Still living with your mom? Nothing to be embarrassed about – especially if you are a sperm whale!
Sarano, Francois, et al. “Kin relationships in cultural species of the marine realm: case study of a matrilineal social group of sperm whales off Mauritius island, Indian Ocean.” Royal Society Open Science 8.2 (2021): 201794. https://doi.org/10.1098/rsos.201794
Just like humans, many animals live in families. And just like with humans, their families come in many forms and sizes.
Whales in particular stick with their kin, with multiple generations of a single whale family feeding, hunting, and gliding through the ocean together. Scientists can speculate that several whales spending a lot of time together belong to the same family – but they don’t know how exactly those whales are related to one another. Do grandparents babysit their grandcalves? Do family reunions bring cetacean cousins together to feast on fish?
With whales, it can be hard to tell.
Through observation, scientists can make note of adult females with their calves. But beyond that, scientists can have trouble teasing out familial relations; aside from markings like scars, most whales look very similar to each other, at least to humans. This is where biology comes to the rescue.
No skin off a whale’s back
A great way to study blood family relations is through DNA analysis. It is easy for humans. All we have to do is mail a cheek swab to a genealogy company! But to collect samples of whale DNA, scientists have to get creative.
A team of Mauritius Island-based researchers set out to study their local sperm whales in a project called Maubydick (get it?). To uncover the familial ties in a population of approximately one hundred sperm whales, the team collected their skin.
Skin shedding is normal for many animals. Human skin sheddings become dust and collect behind the couch. Whale skin bits just drift with the current. Taking advantage of that, the researchers went snorkeling out in the ocean, waited for the sperm whales to swim by, identified them by their markings, and grabbed whatever skin pieces had sloughed off.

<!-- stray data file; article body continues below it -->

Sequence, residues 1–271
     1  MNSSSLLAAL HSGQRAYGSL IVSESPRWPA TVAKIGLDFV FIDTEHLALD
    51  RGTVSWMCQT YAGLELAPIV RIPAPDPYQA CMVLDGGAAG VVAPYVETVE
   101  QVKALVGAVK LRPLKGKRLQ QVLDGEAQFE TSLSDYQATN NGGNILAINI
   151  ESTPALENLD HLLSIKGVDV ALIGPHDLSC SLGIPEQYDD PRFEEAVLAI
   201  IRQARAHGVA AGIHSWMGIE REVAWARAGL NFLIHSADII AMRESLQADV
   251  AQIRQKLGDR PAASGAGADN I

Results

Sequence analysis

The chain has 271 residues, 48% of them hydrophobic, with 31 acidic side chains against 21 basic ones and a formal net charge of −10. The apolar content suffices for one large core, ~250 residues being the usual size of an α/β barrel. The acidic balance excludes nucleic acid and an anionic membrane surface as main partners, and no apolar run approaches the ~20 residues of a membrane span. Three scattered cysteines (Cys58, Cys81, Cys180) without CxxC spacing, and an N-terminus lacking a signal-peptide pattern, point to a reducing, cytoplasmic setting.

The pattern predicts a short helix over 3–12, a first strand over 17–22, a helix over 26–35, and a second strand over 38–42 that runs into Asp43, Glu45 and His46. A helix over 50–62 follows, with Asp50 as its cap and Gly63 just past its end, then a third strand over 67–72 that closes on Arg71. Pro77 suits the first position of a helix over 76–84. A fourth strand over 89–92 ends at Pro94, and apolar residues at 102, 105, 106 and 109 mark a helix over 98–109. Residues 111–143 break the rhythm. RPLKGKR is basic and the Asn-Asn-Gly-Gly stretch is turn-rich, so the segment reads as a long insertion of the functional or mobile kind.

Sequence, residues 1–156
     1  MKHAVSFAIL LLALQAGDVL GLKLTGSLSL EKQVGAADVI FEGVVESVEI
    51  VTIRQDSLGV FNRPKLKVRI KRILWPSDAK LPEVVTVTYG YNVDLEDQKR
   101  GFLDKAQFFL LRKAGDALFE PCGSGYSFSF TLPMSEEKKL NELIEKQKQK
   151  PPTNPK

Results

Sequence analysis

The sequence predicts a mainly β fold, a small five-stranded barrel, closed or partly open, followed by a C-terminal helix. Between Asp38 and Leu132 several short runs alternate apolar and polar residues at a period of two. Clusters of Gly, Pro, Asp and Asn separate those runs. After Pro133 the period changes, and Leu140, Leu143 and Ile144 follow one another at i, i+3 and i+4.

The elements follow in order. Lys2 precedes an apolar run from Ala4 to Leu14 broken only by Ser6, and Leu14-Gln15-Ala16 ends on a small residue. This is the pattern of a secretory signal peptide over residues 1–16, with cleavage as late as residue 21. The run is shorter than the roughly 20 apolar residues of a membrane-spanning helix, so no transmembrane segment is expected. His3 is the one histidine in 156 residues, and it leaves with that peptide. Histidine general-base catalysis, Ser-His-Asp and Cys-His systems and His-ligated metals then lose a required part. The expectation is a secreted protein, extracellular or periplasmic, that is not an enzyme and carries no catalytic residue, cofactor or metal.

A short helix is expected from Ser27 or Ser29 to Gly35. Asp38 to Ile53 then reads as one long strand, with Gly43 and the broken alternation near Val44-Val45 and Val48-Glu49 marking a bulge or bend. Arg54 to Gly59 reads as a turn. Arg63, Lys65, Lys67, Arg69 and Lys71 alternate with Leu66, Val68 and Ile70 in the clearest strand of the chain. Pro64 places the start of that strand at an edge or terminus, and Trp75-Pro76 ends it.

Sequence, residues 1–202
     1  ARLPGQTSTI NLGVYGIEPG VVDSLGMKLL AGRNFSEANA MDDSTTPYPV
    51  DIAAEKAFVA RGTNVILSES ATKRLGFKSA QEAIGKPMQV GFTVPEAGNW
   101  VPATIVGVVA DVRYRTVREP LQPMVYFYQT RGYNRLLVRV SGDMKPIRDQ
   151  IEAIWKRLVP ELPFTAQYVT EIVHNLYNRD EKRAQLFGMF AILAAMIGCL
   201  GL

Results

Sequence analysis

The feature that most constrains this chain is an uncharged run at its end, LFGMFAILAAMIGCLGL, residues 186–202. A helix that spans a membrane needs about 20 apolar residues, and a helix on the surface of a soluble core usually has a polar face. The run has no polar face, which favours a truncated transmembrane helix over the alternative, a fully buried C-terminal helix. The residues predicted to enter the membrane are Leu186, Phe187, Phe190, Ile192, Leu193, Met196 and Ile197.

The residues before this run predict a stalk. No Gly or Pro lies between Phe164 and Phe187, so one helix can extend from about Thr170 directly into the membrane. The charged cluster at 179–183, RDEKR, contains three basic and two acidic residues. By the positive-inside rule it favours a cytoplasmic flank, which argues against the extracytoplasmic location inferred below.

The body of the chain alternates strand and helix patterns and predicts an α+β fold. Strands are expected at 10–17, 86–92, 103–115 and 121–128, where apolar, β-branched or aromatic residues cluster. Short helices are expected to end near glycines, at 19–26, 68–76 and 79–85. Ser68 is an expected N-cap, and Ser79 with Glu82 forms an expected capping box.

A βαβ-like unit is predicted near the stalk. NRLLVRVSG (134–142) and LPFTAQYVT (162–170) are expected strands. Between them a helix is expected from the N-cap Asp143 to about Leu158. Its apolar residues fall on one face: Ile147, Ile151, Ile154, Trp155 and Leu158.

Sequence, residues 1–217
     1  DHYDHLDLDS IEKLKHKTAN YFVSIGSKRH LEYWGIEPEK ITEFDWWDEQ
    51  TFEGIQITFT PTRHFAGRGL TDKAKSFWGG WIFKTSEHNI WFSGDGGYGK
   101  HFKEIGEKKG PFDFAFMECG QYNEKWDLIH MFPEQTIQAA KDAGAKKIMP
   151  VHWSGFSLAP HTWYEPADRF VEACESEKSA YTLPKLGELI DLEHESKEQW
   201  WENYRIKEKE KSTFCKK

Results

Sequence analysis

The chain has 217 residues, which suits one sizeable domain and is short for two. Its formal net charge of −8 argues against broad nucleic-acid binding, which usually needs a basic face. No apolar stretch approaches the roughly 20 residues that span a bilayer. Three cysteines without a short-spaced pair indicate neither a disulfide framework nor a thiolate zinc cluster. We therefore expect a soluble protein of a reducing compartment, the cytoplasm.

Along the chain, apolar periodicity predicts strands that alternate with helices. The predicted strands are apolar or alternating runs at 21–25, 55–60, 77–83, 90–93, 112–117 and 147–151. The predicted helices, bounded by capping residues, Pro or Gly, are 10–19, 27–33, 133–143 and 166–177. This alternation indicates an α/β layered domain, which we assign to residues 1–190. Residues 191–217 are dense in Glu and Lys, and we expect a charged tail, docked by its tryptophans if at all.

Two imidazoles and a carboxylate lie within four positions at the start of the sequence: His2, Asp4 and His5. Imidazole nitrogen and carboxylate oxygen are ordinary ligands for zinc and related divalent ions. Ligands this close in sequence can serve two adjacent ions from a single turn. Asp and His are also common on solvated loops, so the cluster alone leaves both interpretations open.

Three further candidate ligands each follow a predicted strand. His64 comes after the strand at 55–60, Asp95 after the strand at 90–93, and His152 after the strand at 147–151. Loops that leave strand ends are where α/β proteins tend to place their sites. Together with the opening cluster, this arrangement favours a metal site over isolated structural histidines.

The scientists then looked how the whales were related to each other by analyzing their mitochondrial DNA. Unlike the vast majority of DNA, which is tightly coiled in a cell’s nucleus and comes from both parents, mitochondrial DNA resides in mitochondria – parts of the cell that produce energy. This tiny bit of genetic code is inherited from the mother. Because it doesn’t change much between generations, scientists can use it to trace relations and sketch family trees.
Like mother, like daughter
This population of sperm whales counted 17 female sperm whales and 11 calves. This lack of adult males makes sense, because male sperm whales (much like other whale species) usually leave their mothers before they even become sexually mature. To sketch the family tree, the scientists gave all the whales nicknames.
All but one whale in this group shared parts of mitochondrial DNA, meaning that they were related through their mothers. Possibly, they were all descended from one female sperm whale who is no longer alive. Her daughters or granddaughters, whales nicknamed “Dos-Calleux” and “Issa,” gave rise to the remainder of the group.
Just one female sperm whale, “Claire,” wasn’t related to the rest of the group. She didn’t interact much with them, either. The scientists weren’t sure why she hung out with the other whales, but supposed that she might have been “adopted” by the group.
Whale families tend to be matrilineal, or based on the female line. The Mauritius researchers showed that the sperm whales of their local population are no exception and that female whales are the rock of their families.
The scientists also discovered that sometimes females who cared for calves, such as by letting them nurse, weren’t actually their mothers. An adult female nicknamed “Emy” had been thought to be the mother of a young male calf “Alexander,” but this study uncovered that they weren’t related. “Alexander’s” actual mother, pinpointed through DNA analysis, was rarely seen spending time with her calf. These family dynamics means that it’s hard to determine relations among whales just by observing them and DNA analysis is the way to go for understanding family matters in the ocean.
I am a PhD candidate at Northeastern University in Boston. I study regeneration of the nervous system in water salamanders called axolotls. In my free time, I like to read science fiction, bake, go on walks around Boston, and dig up cool science articles.